What's really going on with those deferred-compensation packages we've been reading about?
You know, the plans that supposedly give top managers a big tax break?In two words: nothing much.
This controversy has all the significance of the flap between Martha Stewart and her gardener.
The tax aspects of deferred compensation, which postpones some pay and perks until retirement, are not based on some welfare-for-the-rich section of the Internal Revenue Code.
They are merely an application of a time-honored rule: You don't pay tax on what you don't get.
What's more, the growth of these plans is not a threat to fair treatment for all employees. Many of these programs simply maintain the relative equality between management and workers. Under typical pension and profit-sharing plans, benefits are computed as a percentage of compensation.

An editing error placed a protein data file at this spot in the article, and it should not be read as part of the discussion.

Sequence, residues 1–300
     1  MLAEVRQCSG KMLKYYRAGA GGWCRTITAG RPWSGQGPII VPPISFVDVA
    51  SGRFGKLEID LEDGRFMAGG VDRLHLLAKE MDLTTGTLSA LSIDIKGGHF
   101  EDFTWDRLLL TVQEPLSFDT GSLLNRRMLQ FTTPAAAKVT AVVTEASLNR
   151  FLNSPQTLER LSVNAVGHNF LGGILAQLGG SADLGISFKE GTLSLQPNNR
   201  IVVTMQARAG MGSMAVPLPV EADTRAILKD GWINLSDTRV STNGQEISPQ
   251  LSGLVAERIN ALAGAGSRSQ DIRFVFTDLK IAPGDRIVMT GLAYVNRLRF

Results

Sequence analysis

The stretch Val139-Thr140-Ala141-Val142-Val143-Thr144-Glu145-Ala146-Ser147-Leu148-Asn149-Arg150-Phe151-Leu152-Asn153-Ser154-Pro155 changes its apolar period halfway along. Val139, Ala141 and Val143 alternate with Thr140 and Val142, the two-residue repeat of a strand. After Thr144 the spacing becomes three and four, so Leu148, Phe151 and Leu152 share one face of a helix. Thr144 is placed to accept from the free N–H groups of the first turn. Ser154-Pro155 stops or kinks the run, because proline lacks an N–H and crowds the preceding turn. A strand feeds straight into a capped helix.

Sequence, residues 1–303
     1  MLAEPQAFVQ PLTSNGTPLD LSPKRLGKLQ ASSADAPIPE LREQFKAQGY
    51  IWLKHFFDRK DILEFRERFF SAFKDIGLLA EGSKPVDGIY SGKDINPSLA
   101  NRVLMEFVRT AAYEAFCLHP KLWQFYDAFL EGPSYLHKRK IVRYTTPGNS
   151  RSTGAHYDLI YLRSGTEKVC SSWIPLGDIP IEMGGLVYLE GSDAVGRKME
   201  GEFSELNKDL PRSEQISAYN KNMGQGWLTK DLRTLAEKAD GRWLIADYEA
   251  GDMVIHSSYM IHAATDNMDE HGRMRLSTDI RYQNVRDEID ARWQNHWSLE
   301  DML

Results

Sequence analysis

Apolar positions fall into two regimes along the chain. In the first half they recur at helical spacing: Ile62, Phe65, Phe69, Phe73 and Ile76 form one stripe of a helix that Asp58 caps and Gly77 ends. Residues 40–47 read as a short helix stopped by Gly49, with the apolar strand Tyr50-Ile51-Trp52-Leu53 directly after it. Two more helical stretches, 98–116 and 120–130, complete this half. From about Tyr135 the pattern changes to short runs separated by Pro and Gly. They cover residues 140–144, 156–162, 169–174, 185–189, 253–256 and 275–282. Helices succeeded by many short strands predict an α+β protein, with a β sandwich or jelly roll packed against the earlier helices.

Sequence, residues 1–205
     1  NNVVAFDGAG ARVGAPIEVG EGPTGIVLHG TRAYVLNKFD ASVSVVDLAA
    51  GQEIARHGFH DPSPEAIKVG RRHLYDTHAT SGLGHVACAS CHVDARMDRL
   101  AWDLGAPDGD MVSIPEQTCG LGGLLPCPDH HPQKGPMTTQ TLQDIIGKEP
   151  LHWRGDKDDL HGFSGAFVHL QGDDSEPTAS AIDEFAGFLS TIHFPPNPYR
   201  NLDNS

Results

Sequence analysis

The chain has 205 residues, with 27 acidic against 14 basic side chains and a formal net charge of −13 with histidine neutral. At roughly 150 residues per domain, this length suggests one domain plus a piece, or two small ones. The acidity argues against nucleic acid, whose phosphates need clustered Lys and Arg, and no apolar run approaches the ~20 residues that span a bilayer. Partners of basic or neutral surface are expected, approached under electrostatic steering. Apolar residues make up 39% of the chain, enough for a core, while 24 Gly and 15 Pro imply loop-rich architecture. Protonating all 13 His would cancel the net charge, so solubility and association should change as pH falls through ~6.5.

A plan may, for example, provide a retirement benefit equal to 30 percent of an employee's average compensation. This sort of formula has been routinely approved by the Internal Revenue Service.
Yet top executives rarely receive a 30 percent pension benefit. Years of populist tinkering with the tax code have limited the dollar amount executives can receive in pension benefits.
To be sure, deferred-compensation plans are not traditional pension programs, and critics say they can thus be used by companies to limit retirement benefits exclusively to top managers. But in my experience, employers almost never disenfranchise the rank and file this way.
And unlike traditional pensions, deferred-compensation plans are quite risky. Their assets can be seized by creditors if the company goes bankrupt. Insurance is available to protect the benefits, but it is tough to obtain - and expensive. Premiums are paid by the executive. Any reimbursement by the employer is taxable.
Congress has already taken steps to rein in the excesses. This is enough regulation.
The question of how - and how much - to pay top executives is best left to the proper people: the stockholders.